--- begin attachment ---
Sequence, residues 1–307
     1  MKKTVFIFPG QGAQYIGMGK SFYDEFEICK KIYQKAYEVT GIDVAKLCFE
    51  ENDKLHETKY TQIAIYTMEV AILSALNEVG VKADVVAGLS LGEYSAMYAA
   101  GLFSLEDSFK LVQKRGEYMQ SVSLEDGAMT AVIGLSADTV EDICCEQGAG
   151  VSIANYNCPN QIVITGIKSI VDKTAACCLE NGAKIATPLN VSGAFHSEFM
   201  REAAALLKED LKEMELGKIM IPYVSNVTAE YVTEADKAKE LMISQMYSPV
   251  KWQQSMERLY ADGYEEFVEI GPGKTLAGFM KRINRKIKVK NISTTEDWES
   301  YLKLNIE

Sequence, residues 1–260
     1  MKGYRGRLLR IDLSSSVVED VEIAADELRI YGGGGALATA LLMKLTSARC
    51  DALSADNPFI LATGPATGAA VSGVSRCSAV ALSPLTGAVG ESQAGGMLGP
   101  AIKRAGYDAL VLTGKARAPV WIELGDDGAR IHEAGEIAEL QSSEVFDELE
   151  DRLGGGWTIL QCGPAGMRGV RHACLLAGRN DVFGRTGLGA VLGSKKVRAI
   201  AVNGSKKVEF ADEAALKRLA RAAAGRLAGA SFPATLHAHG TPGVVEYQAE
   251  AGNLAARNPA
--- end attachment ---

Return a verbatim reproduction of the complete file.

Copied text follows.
Sequence, residues 1–307
     1  MKKTVFIFPG QGAQYIGMGK SFYDEFEICK KIYQKAYEVT GIDVAKLCFE
    51  ENDKLHETKY TQIAIYTMEV AILSALNEVG VKADVVAGLS LGEYSAMYAA
   101  GLFSLEDSFK LVQKRGEYMQ SVSLEDGAMT AVIGLSADTV EDICCEQGAG
   151  VSIANYNCPN QIVITGIKSI VDKTAACCLE NGAKIATPLN VSGAFHSEFM
   201  REAAALLKED LKEMELGKIM IPYVSNVTAE YVTEADKAKE LMISQMYSPV
   251  KWQQSMERLY ADGYEEFVEI GPGKTLAGFM KRINRKIKVK NISTTEDWES
   301  YLKLNIE

Sequence, residues 1–260
     1  MKGYRGRLLR IDLSSSVVED VEIAADELRI YGGGGALATA LLMKLTSARC
    51  DALSADNPFI LATGPATGAA VSGVSRCSAV ALSPLTGAVG ESQAGGMLGP
   101  AIKRAGYDAL VLTGKARAPV WIELGDDGAR IHEAGEIAEL QSSEVFDELE
   151  DRLGGGWTIL QCGPAGMRGV RHACLLAGRN DVFGRTGLGA VLGSKKVRAI
   201  AVNGSKKVEF ADEAALKRLA RAAAGRLAGA SFPATLHAHG TPGVVEYQAE
   251  AGNLAARNPA